capitalmarketsciooutlook

Security and Integrity of the Data is Imperative for Growing Threat to Cyber Security

By Frances Hudson, Investment Director, Global Thematic Strategist, Standard Life Investments

Frances Hudson, Investment Director, Global Thematic Strategist, Standard Life Investments

Are the Capital Markets Young Enough to Embrace Disruptive Technology?

The capital markets have evolved and adapted over centuries, so it is unlikely that disruptive technology will defeat them, even if adoption and progress is patchy. Some disruption is welcome; however, at times technology has resulted in increased volatility, more noise and, therefore, reduced information. More connectivity also entails greater vulnerability to cyber-attacks.

"Technology and regulation are key sources of change in financial markets. Technological innovation and mastery of data are increasingly differentiators for capital market participants"

Innovation in financial technology (FinTech) represents both opportunities and challenges to traditional business models as the ways in which customers (individual and institutional) interact with capital markets change. Some of the new and enabling technologies offer a step up in transparency that fits well with the regulatory agenda.

However, it is unlikely to be smooth sailing. Concerns around security, regulation and taxation may, in time, raise some of the low barriers to entry.

Another change from technology has been the increasing presence of systemic or algorithmic traders in the markets. These have accounted for up to 70 percent of US trading volumes at times. A subset, High Frequency Traders, aim to execute trades based on algorithms with speed of execution as the differentiating factor. They can be disruptive to capital markets. In cases where algorithms, simplified in order to reduce latency and predicated on price alone, encounter positive feedback multiple algorithms will simultaneously trade a stock in the same direction, culminating in rapid larger movements and thus increasing market volatility.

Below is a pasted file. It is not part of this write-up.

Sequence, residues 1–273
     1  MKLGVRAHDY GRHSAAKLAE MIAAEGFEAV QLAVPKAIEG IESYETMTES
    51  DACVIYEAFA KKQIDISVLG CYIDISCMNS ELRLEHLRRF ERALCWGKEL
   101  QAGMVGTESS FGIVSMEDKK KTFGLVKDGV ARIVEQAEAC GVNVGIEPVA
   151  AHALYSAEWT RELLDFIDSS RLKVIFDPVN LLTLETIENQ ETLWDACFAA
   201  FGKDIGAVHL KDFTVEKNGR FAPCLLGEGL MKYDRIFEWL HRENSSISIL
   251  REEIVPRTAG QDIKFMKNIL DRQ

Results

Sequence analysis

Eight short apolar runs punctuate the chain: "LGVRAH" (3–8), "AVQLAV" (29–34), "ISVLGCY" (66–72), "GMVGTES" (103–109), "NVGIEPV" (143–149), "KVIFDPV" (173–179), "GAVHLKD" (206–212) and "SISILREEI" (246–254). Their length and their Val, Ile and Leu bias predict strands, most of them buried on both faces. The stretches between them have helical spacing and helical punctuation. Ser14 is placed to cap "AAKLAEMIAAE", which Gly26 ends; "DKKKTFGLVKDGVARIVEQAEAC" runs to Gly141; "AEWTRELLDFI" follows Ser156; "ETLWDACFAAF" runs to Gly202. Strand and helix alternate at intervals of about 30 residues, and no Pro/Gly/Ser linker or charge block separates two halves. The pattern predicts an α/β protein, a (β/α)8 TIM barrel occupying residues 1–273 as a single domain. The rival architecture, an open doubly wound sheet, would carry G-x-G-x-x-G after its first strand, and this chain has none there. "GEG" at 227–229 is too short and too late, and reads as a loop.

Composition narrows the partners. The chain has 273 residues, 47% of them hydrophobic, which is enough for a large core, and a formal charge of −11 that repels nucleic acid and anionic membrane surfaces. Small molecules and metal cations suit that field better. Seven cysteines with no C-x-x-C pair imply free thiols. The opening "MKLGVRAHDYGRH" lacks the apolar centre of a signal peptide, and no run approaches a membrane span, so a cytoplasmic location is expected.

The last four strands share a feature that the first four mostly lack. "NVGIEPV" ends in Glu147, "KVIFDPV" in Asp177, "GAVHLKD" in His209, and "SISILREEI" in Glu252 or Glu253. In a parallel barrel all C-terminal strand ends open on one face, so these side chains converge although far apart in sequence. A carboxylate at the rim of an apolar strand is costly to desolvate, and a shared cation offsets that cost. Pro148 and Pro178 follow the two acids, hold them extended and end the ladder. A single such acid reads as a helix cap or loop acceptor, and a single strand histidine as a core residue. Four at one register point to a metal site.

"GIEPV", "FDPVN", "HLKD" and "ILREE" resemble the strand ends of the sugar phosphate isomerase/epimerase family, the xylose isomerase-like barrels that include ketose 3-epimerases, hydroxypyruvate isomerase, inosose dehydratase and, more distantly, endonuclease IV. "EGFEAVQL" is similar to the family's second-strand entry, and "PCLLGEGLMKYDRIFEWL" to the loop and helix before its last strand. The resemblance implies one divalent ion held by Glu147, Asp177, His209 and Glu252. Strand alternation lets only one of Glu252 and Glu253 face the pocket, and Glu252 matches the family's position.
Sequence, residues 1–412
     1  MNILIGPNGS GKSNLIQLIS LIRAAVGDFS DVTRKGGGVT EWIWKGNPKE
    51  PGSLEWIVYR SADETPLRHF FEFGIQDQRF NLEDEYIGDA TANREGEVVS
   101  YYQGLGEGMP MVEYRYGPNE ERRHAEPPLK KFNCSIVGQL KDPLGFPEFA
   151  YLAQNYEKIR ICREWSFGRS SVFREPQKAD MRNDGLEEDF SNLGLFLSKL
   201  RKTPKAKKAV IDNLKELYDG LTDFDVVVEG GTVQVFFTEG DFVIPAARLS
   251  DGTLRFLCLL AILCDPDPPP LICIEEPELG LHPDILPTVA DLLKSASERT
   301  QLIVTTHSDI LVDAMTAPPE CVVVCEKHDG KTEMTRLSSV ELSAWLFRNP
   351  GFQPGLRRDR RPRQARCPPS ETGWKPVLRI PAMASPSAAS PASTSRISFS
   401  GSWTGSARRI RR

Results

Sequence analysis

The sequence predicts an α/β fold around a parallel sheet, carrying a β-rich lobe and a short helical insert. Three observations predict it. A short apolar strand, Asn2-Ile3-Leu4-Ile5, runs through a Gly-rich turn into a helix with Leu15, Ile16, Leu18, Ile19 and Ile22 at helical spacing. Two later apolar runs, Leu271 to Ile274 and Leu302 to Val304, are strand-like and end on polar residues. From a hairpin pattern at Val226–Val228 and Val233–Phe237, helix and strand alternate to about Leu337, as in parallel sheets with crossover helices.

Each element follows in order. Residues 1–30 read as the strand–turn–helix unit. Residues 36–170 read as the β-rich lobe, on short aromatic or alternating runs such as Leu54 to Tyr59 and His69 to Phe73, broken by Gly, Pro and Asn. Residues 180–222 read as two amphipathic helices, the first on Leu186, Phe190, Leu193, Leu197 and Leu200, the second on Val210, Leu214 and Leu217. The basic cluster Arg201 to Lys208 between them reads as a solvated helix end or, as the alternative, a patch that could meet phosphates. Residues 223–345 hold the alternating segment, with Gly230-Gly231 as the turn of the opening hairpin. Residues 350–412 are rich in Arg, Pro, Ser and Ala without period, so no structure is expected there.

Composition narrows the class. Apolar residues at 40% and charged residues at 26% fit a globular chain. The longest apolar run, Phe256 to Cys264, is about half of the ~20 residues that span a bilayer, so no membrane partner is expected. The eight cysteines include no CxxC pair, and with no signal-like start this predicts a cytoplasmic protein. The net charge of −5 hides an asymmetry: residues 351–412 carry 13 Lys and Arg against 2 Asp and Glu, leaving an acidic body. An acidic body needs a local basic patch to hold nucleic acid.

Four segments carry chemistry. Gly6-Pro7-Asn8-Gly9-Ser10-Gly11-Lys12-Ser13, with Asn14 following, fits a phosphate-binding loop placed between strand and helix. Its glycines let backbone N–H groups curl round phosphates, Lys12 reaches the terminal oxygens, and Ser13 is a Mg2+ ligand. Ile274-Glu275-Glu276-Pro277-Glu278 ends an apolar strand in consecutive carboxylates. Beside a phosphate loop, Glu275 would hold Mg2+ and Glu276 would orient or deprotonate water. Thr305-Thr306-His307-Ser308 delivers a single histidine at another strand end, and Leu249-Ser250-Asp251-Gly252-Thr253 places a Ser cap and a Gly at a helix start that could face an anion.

The algorithms also rely on a quantitative interpretation of market conditions within a defined set of parameters. If those parameters are breached, they immediately drop out of the market precipitating a rapid reduction in liquidity and, at times, flash crashes.

Blockchain: Is there a Real Business Case for the Capital Markets?

Blockchain or other similar distributed ledger systems could cut settlement and clearing costs and improve transparency in capital markets in the medium term.

However, universal adoption of such a system and the associated changes to reporting may not be welcomed by all. For example, notification of large trades is sometimes delayed to avoid disrupting the markets, which would be more difficult with this kind of system, as every aspect of each transaction is recorded and logged and the resultant log cannot be edited.